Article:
Trying to figure out how to motivate a child to write? Have you ever said, “Help, my child hates writing!” to someone because you felt completely clueless about how to proceed?
You are not alone. I’ve been homeschooling my sons since the beginning and I just graduated my oldest son, Ben, a few weeks ago. Now that he’s 18, he has decided that he wants to become an author. And he just wrote his first book and made it available for sale on Amazon!
But he didn’t always feel that way about writing. This is the same son who used to balk and fuss and complain when I would ask him to write even one sentence!
Wondering what happened? What changed in this son to help him go from a kid who absolutely hated to write anything down to one who wants to make a living as a writer?
Ben’s story is an interesting one that I feel can be told best if he and I attempt to tell it to you together. So I’m going to interview my son and let you read his responses while also sharing my perspective. Hopefully, this format will give you as much insight as possible into your own child’s situation and will give you the tools to be able to help motivate your own child to write.
Question 1 – Do you remember how you felt about writing when you were young?
Ben’s Answer: So when looking back at how I went from hating writing to loving it, it’s a strange journey. My memory isn’t perfect but I will try to relay the information that I do remember as best as possible. From a young age, I wrote my own small stories and enjoyed trying to capture the emotions of my readers.
When I was around 10-14 years old, however, I began to think I hated writing. But more specifically I hated handwriting. I hated the way my hand felt after only a few exercises that, in my mind, were pointless. My mom attempted to switch to typing classes but this also felt like a waste of time. I never thought I would use this skill.
You can say that my mom knew best since I’m now a writer and I would agree with you. But to this day I dislike writing or typing anything without a purpose behind it. Though these skills became more important to me later in life, the process of learning them is still monotonous to me.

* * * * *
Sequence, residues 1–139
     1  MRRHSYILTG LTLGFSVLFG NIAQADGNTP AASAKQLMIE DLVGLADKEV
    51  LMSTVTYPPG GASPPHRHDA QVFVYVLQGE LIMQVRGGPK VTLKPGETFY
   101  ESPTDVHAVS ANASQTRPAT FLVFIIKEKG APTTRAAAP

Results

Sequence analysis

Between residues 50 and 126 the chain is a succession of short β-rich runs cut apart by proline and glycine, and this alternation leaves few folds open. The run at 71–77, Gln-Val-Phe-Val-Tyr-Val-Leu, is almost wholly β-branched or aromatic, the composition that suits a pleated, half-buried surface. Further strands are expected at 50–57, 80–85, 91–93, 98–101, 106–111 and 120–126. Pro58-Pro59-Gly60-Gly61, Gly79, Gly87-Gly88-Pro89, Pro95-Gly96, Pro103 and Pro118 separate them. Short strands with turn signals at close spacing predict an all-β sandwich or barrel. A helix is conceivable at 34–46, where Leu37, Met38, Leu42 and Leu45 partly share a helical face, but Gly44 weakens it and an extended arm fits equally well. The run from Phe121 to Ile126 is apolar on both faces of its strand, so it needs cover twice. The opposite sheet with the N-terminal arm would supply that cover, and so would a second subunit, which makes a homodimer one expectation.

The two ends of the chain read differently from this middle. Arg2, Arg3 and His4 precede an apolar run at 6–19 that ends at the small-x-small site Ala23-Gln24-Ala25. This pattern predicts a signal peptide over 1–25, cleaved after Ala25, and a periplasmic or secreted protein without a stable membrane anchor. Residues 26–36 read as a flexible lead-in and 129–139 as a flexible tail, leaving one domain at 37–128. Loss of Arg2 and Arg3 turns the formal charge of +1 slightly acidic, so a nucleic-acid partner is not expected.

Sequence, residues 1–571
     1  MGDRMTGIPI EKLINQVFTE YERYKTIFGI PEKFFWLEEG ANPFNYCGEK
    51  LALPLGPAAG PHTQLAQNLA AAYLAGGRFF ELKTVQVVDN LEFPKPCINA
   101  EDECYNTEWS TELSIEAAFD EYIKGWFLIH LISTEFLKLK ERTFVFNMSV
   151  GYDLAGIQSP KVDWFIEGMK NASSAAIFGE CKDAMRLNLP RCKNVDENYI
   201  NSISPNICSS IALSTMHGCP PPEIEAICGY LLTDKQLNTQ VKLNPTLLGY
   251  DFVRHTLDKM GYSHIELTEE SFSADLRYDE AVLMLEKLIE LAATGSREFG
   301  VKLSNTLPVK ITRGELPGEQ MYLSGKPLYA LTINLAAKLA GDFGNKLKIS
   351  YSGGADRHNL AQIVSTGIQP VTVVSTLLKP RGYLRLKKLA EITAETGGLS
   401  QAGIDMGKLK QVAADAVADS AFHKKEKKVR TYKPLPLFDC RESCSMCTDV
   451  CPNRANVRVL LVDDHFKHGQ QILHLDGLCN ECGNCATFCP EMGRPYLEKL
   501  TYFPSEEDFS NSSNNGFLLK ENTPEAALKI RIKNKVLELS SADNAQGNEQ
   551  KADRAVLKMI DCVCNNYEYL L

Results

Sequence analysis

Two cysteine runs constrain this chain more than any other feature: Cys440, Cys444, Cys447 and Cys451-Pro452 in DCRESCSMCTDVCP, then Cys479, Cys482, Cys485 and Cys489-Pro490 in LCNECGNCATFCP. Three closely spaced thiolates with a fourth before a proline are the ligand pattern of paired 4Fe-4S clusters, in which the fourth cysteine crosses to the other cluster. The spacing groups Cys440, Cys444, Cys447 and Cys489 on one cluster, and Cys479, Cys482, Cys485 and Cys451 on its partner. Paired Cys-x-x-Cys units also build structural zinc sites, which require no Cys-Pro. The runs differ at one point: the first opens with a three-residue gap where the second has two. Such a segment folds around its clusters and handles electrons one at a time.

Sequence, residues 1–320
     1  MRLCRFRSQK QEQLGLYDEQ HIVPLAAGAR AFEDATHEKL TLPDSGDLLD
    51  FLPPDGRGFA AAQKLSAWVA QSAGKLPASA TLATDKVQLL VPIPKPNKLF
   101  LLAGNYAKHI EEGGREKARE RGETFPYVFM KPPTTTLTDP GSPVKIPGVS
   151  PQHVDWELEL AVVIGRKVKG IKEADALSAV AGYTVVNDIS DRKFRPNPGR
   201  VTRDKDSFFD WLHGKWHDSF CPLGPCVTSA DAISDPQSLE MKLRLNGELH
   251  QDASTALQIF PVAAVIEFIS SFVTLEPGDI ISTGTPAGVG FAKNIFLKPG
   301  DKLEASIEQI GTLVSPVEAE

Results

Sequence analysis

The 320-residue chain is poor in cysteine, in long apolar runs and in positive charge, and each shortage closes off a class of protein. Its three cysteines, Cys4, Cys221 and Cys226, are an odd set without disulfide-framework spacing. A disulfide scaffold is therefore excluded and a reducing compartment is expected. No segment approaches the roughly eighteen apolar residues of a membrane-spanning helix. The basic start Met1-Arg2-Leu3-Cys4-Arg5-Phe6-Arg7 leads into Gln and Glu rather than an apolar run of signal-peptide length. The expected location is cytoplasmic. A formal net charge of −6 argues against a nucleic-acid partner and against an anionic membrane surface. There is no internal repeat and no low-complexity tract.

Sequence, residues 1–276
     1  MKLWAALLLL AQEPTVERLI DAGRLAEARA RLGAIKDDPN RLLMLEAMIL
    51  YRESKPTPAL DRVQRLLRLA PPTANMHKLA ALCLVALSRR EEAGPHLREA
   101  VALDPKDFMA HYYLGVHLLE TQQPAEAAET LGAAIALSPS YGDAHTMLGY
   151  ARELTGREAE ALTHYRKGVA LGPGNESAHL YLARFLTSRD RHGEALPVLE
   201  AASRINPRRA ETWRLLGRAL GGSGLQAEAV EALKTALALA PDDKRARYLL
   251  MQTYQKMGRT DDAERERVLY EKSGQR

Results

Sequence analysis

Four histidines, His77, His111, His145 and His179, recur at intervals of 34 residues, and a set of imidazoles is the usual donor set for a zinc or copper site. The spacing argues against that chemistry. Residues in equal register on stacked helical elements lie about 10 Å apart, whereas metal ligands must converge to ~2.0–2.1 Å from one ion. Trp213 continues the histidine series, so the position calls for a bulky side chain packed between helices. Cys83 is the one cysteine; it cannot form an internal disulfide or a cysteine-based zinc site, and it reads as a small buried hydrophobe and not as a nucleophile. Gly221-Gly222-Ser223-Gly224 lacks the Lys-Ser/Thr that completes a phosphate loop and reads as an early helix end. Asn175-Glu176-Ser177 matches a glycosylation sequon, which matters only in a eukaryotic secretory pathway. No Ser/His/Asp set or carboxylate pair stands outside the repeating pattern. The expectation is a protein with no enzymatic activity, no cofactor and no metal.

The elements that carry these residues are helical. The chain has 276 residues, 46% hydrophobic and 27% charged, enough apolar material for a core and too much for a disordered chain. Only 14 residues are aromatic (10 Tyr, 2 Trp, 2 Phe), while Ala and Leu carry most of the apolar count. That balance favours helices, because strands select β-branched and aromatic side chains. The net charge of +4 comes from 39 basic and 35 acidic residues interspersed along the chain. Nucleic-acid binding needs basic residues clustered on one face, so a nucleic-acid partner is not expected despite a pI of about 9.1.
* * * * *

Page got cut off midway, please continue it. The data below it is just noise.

I’d much prefer to tell you a story about the good guys and the bad guys fighting for control. Or about characters who struggle with their inner demons. and these were the emotions I wanted to capture someday.
And that’s where my love of stories kicked in. I always loved watching movies. Star Wars and The Lord of the Rings are some of my favorites. But I’ll never forget the tension I felt when I watched Independence Day for the first time. The fear I felt when I saw the massive alien spaceship and the overwhelming sense of joy when the good guys won.
Question 2 – What made you realize you didn’t actually hate to write?
Ben’s Answer: At the ages of 15-17, I began dabbling in casual storytelling. I mentioned my love of movies and how they inspired me, but that’s a terribly difficult industry to break into. So I decided I might like to try writing novels instead.
I started by writing descriptive paragraphs for school, which helped me put together sentences that were interesting enough. Before long, I was writing my first fan-fiction novels inside the Star Wars universe. These are stories that will never see the light of day but I still remember them fondly and there are some moments even in those stories of which I’m proud.
At the beginning of the school year where I turned 16, my mom had noticed my new love of writing and decided to have me try a curriculum called One Year Adventure Novel (OYAN). I was skeptical at first because she had given me creative writing programs to work through before that I didn’t like. But this one was different. It very slowly and casually led me through the process of creating a true story with characters and subplots, twists and revelations. It held my hand in a good way and taught me how to properly make stories. It didn’t take long before I was spending hours in my room listening to music and plotting out my new fictional world of Aragath.
So that’s how I began writing a novel. It seemed easy at first. I would spend about an hour a day writing. Sometimes I would only produce a couple of paragraphs. Other times, I’d write several pages in one sitting. I wanted to finish my book and I think I always knew I would despite the long breaks I took from writing. It was during this time period that I realized I wanted to try making a career out of writing.
Question 3 – Was that all it took for you to actually become a writer? Going through the OYAN program?
Ben’s Answer: When I finished the last few chapters of my book and let my parents read them, it was so satisfying. I felt like I’d just taken the first step in what I hoped to do for the rest of my life. But I hadn’t. That would come when I started editing.
Editing is a tedious process. It’s not fun, and there’s little creativity involved. But at the same time, it’s part of the job. Going through rewrites prepared me for the grind of becoming a writer. I had to start spending much more than one hour a day to get anything done. I had to work during my free time. I briefly reconsidered how much I wanted to be a writer. But then I finished the editing process and self-published my first book, Chimera, on Amazon.